“It’s So Amazing” is the kind of book that can grow with the child. When a girl in Teen Spirit’s class announced that she had two moms, Smartmom used the book to answer some of his pressing questions about gay parenting (which mom is the dad? How did they make a baby? Etc.).
A few years later, when his need to know was even more urgent, Teen Spirit read the book on his own cover-to-cover one evening. And then read it again, cover-to-cover, the very next day. Smartmom could tell he was relieved to have all that information under his belt (so to speak). And he was relieved not to have the conversation with his mom or dad. Thanks to that book.
It’s a bit harder — although vitally important — to have the safe sex conversation with a kid once he or she reaches high school. Unfortunately high-schoolers are notoriously resistant to receiving any information from their parents.
Smartmom knows that he’s pretty up to date and that there’s a condom-dispensing machine in the restrooms at his school. She also knows that he collects those stylish NYC condoms because she found an unused condom being used as a bookmark in his copy of “Death of a Salesman.”
Sure, they make great bookmarks, but she hopes that, if he is sexually active, he’s using them correctly.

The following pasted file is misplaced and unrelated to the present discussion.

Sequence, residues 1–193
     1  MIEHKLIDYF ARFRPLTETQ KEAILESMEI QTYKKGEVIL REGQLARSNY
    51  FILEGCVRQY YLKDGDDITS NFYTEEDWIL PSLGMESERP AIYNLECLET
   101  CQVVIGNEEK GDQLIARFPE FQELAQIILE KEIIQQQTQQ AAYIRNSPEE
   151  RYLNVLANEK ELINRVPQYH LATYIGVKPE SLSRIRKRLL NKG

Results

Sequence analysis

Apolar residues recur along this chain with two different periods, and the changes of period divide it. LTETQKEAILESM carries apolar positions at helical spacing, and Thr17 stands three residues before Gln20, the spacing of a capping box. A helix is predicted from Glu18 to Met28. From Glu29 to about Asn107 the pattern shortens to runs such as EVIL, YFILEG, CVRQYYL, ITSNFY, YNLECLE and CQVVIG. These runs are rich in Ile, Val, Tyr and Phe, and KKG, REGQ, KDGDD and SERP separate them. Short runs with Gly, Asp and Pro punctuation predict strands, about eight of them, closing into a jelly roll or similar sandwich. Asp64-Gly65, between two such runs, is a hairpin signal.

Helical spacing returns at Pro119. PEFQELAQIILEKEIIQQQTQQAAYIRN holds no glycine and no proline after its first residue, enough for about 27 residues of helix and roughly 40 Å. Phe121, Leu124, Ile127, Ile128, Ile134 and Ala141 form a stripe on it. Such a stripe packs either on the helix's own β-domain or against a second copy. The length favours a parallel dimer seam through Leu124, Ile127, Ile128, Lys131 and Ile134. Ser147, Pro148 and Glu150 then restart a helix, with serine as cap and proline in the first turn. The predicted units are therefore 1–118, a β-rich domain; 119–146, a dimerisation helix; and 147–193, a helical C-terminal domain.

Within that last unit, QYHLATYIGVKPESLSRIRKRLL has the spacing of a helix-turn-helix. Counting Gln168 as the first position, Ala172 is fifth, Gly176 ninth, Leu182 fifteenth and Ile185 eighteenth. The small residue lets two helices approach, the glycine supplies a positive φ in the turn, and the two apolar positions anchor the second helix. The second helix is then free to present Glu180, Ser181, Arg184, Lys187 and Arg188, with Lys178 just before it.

When OSFO came along, Smartmom knew from the start that she was going to be very open with her about her body and how it works. As for those funny sticks in the blue Tampon box on the bathroom shelf, OSFO has been well aware of them and their function for years.
In other ways, too, Smartmom has tried to undo some of the shame and secrecy she experienced as a child. When Smartmom was a girl, she needed a bra at least a year before her mother bought her one. That’s probably because she hit puberty in the heyday of bra burning and 1970s-style women’s lib. But Smartmom remembers feeling funny about her floppy breasts in a see-through white T-shirt one day in sixth grade. And that’s when she and her mom finally went to the bra store on Upper Broadway, where an elderly Jewish lady with a tape measure expertly (and somewhat invasively) fit her for her first bra.
For at least two years before OSFO showed any signs of budding breasts, Smartmom dropped hints about shopping for training bras. Just in case. Not to rush things, Smartmom just wanted OSFO to know that her mom would be there for her whenever she was ready.
When OSFO was about 6 or 7, Smartmom asked if she’d like to look at the funny cartoons in “It’s So Amazing.” She was interested but only to a point. Smartmom learned then that OSFO only wanted as much information as she was comfortable with and it didn’t pay to overwhelm her with too many details.
That’s why it’s important to take cues from the child about what they are and aren’t ready to learn about.